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Modern plasmas TVs are getting a bad rap

January 5th, 2007 · No Comments

Jim Palumbo, president of the US-based Display Coalition, says that it’s about time myths surrounding TVs that use the technology are put to bed. He maintains that stories about plasma screen burn and excessive power consumption are not relevant to current generation products.
Palumbo reveals that extensive torture tests organized by the PDC have had little impact on modern plasma displays. His organisation ran a series of phosphor aging tests on five large PDP screens, comprising eight hours of black and white checker boards, eight hours of colour bars and eight hours of a news channel running a ticker banner.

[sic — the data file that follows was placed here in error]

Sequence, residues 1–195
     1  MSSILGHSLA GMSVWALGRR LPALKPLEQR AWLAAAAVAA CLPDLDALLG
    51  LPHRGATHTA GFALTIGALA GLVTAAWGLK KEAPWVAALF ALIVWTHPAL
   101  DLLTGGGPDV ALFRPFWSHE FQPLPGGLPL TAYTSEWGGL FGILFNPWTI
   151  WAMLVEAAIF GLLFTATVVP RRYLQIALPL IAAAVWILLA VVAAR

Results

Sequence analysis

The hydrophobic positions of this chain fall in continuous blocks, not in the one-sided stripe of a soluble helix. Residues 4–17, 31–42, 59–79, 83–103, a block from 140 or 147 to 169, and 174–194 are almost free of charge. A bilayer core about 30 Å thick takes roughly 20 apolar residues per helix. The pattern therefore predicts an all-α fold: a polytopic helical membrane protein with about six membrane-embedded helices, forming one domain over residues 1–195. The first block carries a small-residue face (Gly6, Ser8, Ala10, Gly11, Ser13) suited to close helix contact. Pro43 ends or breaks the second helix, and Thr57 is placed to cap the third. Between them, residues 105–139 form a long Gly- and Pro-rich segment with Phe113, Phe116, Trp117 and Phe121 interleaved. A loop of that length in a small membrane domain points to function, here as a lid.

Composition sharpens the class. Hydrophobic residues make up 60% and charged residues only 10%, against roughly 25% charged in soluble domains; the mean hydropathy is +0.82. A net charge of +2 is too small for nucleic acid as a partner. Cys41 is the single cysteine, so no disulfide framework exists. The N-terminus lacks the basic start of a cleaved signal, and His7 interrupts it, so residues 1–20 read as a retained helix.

At the end of the tests, three of the five screens were clean of residual ghosting. One model had slight ghosting and the other seemed seriously burnt. Yet after three minutes of a white screen, it’s claimed all ghosting effects had been removed.
According to Palumbo, current PDP designs also draw less electricity than comparably sized CRT-based projection sets. The typical quoted life of a modern plasma screen is upwards of 60,000 hours.
Panasonic UK’s Nigel Thomas agrees. He maintains that there’s little difference in the actual power consumption of plasma compared to . While LCD uses a consistent amount of current because of their always on backlight, plasma has a variable power draw, depending on the amount of light or dark in the picture. “It works out about even,” he concludes.

Tags: Plasma · Trade

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